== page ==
Magen David Adom’s dedication to saving lives in Israel includes helping new lives begin.
An Israeli woman expecting twins, Meital Shiri, was home alone except for her 9-year-old son when she began experiencing labor pains that told her she did not have time to get to the hospital. Even though she was only 34 weeks along, she knew “it was time.” Despite the pain she felt as she lay on the couch and her growing sense of panic as the first twin arrived, Shiri had the presence of mind to call the one organization she knew would immediately come to her aid: Magen David Adom.
Maya Aloni, the MDA paramedic and dispatcher who took Shiri's call, responded immediately, telling Shiri how to handle the newborn and guiding her through the initial phases of delivering the second child while simultaneously rushing an ambulance with MDA paramedics to Shiri's home.
During the hectic and dramatic conversation—which, like all emergency calls, was recorded—Aloni directed Shiri, encouraging her and providing emotional support. Within minutes, Shiri's husband, Ilan, arrived home, and Aloni gave him instructions as well.
Very shortly after that, the MDA paramedics arrived and delivered the second baby, after which they immediately took the mother and newborns to the hospital, where the preemie twins were put in incubators.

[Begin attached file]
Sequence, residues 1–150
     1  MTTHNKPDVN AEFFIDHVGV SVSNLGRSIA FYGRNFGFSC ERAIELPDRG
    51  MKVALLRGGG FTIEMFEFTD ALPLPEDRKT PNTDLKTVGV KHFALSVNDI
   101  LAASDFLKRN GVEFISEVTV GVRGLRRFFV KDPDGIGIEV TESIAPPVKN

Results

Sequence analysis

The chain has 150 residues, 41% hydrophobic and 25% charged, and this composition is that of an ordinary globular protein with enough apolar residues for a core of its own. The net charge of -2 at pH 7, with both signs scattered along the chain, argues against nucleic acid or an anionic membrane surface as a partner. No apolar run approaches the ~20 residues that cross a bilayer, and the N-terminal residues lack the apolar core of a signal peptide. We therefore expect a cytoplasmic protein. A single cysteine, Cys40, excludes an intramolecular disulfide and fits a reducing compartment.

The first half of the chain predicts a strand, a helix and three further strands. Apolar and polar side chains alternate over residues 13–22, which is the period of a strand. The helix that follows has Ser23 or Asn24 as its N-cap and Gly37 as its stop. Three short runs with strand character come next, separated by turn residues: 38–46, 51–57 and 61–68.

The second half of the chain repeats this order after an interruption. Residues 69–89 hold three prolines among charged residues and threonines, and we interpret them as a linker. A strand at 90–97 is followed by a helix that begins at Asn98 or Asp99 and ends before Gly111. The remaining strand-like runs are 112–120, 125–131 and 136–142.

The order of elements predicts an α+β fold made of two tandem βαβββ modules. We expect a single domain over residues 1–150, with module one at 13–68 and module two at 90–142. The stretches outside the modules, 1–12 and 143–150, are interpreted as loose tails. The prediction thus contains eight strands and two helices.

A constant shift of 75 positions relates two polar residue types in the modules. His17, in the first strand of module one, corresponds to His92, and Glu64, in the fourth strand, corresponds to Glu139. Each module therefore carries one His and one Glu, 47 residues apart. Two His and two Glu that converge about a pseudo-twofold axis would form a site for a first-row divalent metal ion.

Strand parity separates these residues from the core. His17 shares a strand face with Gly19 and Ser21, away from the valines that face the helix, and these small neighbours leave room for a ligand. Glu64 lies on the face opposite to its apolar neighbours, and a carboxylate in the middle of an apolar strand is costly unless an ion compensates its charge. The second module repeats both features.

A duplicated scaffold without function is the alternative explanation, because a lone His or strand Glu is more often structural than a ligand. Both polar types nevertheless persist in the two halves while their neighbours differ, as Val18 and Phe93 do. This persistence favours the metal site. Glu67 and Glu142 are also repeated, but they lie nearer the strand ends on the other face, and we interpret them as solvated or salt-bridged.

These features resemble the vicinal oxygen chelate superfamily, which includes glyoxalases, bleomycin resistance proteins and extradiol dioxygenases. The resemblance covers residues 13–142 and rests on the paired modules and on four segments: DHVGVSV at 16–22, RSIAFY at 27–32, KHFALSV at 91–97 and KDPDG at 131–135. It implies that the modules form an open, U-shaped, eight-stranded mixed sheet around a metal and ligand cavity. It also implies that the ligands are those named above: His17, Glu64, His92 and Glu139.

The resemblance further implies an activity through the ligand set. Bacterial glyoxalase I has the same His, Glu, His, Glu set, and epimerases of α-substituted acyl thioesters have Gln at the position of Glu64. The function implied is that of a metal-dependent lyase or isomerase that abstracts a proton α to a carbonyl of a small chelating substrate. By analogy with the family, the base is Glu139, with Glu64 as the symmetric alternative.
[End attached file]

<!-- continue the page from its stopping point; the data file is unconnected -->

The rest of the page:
For Aloni, 25, the training and experience she has gained since joining MDA as a 15-year-old volunteer enabled her to remain calm and focus on helping the mother in distress. “In MDA, they teach us to function coolly and professionally. My role was to keep the mother calm, reassure her, and be supportive until the ambulance arrived,” Aloni said.
The scene was so dramatic that the emergency call and interviews with Aloni and Shiri were recently featured on Israeli TV news.
Handling emergencies is one of the primary activities of MDA, Israel’s official ambulance service, blood services and disaster rescue agency. It’s fair to say Shiri received the full benefit of all MDA’s extensive training programs, from dispatchers who are fully qualified as paramedics for such situations to ambulance-based EMTs who have experience with everything from delivering babies to handling multi-casualty terrorist and rocket attacks.
The happy outcome in this story is that Shiri's family can celebrate the addition of two new—and healthy—lives. Shiri said afterward that the whole experience seemed “like a dream—a good dream.”
For the original article, visit afmda.org.
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